But Heep have released 26 albums so putting a setlist together is hard. If we could play for three hours, it’d be great, but you’d need three hours cos you’ve got the seventies classics, the eighties period and the nineties, so we pick out the songs certain regions respond to.”
LT: For a band like Uriah Heep, there’re always those tunes the fans will expect to hear played, but don’t you ever get tired of playing tracks like ‘Gypsy’ and ‘Easy livin’ and want to play something else?
Rimmer: “No. It feels great to play those songs. A perfect example… on January 29th  we played Hammersmith and the response we got from the crowd playing those songs was amazing. Certain songs and albums take you back in time, don’t they?
But we’ve changed things around a bit now. We don’t open with ‘Gypsy’ now, we changed this when the Living The Dream album came out in 2018, and we now do songs from this album, and we changed some of the older songs as well, but we still play ‘Gypsy’ and ‘Look At Yourself’ as a medley.
Hammersmith was a great night, there was Saxon, Girlschool and Diamond Head and us. We weren’t originally on the bill but Krokus had to pull out so we were asked to step in with only two weeks’ notice, which was no problem as we’re friends with Saxon and have done festivals with them, and Mick’s known Saxon forever. We only played 45 minutes as Saxon had a big production but it was a great night, it all went really well and it was great to see everyone in the crowd, almost just like normal times again!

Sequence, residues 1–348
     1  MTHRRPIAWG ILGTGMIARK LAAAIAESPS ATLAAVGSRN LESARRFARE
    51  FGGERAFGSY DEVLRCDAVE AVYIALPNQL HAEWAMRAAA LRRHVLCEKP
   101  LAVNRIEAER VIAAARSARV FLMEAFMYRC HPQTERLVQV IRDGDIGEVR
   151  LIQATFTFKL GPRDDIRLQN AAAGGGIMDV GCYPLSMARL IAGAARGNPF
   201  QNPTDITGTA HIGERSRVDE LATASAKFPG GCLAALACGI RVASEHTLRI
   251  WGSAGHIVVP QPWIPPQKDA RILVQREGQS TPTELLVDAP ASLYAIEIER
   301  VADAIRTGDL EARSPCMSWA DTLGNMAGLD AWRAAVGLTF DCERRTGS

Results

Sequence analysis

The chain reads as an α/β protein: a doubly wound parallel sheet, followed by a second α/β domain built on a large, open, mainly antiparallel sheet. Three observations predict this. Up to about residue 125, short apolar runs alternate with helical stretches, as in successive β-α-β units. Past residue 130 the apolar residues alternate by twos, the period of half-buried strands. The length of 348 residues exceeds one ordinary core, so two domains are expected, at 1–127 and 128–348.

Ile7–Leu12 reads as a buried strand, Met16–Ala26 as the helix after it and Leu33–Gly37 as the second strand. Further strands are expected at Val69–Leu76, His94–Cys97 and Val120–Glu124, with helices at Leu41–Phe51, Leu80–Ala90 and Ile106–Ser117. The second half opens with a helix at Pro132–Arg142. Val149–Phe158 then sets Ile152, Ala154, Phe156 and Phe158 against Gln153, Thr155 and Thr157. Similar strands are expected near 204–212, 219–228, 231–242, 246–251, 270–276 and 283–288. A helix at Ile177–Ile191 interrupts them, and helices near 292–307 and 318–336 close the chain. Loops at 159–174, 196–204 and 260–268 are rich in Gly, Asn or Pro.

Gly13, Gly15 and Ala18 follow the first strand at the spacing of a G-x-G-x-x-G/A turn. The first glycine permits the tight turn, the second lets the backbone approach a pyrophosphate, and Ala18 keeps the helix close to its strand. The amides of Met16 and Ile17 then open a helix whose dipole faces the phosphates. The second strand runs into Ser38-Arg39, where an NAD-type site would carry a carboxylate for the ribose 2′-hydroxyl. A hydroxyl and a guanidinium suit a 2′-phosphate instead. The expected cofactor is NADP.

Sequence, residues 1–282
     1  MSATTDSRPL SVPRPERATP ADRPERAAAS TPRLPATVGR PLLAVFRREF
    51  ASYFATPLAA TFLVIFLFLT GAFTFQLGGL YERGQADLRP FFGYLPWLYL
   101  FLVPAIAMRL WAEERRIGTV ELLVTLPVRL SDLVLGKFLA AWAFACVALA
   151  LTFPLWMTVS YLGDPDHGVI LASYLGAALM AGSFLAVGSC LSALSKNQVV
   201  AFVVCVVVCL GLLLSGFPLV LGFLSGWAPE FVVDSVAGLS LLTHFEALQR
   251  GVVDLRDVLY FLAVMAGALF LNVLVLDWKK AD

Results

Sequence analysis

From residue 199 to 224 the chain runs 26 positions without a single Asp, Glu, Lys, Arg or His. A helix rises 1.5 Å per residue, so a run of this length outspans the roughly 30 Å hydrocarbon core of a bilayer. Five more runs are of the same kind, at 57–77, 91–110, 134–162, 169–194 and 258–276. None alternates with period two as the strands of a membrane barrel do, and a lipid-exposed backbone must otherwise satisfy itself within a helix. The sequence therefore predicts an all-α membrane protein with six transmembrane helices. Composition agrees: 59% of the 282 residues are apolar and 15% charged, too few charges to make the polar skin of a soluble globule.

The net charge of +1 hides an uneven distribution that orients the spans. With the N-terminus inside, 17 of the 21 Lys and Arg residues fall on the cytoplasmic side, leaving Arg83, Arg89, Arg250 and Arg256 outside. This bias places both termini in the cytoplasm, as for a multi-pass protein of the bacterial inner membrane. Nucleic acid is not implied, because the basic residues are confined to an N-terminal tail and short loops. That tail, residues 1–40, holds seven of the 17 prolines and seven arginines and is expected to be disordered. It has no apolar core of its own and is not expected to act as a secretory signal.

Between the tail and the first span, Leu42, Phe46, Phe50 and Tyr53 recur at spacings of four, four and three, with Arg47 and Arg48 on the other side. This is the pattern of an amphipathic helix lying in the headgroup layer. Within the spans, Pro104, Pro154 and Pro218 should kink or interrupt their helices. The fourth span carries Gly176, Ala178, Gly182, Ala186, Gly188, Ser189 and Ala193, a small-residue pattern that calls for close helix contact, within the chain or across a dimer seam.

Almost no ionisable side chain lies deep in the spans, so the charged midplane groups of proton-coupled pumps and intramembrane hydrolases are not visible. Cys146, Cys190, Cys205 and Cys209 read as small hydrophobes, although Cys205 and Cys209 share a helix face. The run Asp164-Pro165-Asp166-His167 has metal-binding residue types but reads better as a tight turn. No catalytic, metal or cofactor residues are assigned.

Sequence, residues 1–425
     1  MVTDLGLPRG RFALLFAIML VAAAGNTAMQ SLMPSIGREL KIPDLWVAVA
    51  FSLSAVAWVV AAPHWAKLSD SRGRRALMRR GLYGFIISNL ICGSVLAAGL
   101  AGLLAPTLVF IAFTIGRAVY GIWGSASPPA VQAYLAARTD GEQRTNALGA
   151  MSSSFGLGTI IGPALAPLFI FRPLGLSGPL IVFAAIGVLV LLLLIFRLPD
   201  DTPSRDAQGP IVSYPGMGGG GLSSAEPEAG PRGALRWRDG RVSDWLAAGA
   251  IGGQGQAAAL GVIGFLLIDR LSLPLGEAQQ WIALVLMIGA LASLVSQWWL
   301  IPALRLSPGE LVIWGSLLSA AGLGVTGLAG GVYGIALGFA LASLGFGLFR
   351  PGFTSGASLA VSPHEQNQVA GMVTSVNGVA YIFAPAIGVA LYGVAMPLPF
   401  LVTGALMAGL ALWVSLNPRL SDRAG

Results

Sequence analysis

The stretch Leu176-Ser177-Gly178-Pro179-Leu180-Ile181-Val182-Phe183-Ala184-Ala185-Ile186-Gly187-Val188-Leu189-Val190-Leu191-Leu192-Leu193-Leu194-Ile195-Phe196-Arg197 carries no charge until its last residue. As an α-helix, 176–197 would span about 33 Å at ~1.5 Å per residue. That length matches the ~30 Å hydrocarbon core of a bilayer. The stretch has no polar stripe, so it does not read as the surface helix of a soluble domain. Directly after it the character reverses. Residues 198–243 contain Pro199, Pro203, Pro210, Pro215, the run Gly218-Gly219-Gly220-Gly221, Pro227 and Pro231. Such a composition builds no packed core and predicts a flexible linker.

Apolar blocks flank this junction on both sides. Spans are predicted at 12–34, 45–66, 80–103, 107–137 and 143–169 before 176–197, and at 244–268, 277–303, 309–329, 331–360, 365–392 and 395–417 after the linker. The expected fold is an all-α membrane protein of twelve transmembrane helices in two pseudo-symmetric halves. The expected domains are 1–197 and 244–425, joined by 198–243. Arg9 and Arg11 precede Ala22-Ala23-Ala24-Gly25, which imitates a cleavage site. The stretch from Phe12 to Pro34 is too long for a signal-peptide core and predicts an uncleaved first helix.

But it wasn’t a Heep show. The tickets for this were sold a year ago, so the crowd and the reviewers weren’t expecting us, but it was great to play to a crowd that wasn’t ours, it was more like a festival crowd for us but we really connected with all the people in Manchester and at Hammersmith.”
LT: Uriah Heep have had at least twenty changes of personnel down the years, but the current line-up has been together nine years, which is the longest time in the band’s history without a personnel change. What’s contributed to this longevity?
Rimmer: “Yeah, it’s been a while, hasn’t it? When I met the guys, I knew Russell as I’d played with him a few times, and when I met the other guys I got on really well with them.
Initially, it was hard for me because they’d been in the band with Trevor for 30 years and they were very close, so I knew I wasn’t stepping into his shoes, I was respectfully standing next to them cos he was a legendary bass player. So, for me, it was all about learning the songs and making them feel comfortable, making sure what I played wasn’t too different, so I just stuck as close as I could to the original parts.
We spend a lot of time travelling on the road and playing and they just made me feel so welcome. They made it easy for me. We’re like a small family really.”
LT: How do you maintain your enthusiasm for touring and playing onstage?